Thomson Airways has postponed its planned May 1 launch of B787 Dreamliner flights, as the new aircraft remains grounded for technical reasons.
The leisure carrier originally planned on launching the aircraft on popular summer routes to Orlando and Cancun from May 1 (see online news April, 2012), but will now use existing B767 aircraft for these flights during May and June.
Thomson says it is, “In the process of contacting all customers impacted to inform them that they will now be travelling on Thomson Airways 767 long haul aircraft, which have premium cabins.”
Thomson charged a supplement of £10 per person, per flight, for Dreamliner flights, which will now be refunded to customers who proceed with their original holiday bookings. Customers may also change their travel plans without incurring any amendment fees.
Customers booked in Premium class will receive an additional £80, “as a gesture of goodwill from ourselves to recognise the disappointment of not experiencing the Premium Club within the 787 aircraft,” says Thomson.
The statement goes on to say: “We understand how frustrating and disappointing this news will be for those customers looking forward to flying on the 787 Dreamliner, we are equally as disappointed that Boeing was not able to confirm a delivery date for us but unfortunately these circumstances are out of our control.”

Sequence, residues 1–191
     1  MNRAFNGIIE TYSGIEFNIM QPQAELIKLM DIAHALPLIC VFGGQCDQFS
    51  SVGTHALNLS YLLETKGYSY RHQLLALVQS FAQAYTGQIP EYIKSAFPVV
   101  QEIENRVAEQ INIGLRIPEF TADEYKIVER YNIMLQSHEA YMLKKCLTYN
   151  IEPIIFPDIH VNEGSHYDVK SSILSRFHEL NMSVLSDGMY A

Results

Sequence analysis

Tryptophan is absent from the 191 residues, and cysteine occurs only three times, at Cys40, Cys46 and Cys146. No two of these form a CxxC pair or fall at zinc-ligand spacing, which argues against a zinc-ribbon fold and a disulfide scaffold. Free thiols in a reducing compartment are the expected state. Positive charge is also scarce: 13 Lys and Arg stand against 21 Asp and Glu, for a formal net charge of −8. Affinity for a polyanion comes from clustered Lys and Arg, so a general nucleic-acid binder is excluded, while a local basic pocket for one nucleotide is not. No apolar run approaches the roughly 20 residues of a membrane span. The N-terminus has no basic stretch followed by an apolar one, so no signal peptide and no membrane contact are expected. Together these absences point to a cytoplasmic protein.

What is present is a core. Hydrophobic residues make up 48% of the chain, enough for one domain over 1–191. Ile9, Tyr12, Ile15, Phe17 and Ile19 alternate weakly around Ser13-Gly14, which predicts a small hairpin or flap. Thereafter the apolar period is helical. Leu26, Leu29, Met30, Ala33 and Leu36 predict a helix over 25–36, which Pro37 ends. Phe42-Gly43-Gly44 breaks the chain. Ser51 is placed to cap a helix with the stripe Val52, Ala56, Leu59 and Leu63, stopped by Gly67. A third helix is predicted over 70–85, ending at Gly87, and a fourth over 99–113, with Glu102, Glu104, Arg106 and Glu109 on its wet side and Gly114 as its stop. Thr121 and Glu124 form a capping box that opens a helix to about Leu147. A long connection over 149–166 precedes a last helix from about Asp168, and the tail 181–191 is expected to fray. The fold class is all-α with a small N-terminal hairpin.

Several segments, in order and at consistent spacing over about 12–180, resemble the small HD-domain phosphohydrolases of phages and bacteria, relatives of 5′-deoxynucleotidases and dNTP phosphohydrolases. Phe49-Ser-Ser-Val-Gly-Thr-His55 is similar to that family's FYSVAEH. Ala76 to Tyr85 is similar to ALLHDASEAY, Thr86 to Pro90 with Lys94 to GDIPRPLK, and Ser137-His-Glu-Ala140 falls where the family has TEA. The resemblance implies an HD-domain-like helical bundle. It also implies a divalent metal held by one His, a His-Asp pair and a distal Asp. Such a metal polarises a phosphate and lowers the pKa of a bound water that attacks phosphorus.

All Boeing Dreamliners have been grounded while the Federal Aviation Administration (FAA) conducts safety tests on the onboard batteries.
Other carriers have had to amend their plans for the aircraft, including Qatar Airways’ planned introduction of the aircraft on to its Perth route (see online news January 17) and Japan Airlines’ planned Helsinki route (see online news February 4).
Launch carrier All Nippon Airways (ANA) has postponed all Dreamliner flights until May 31 (see online news February 25).
For more information visit dreamliner.thomson.co.uk.
Report by Scott Carey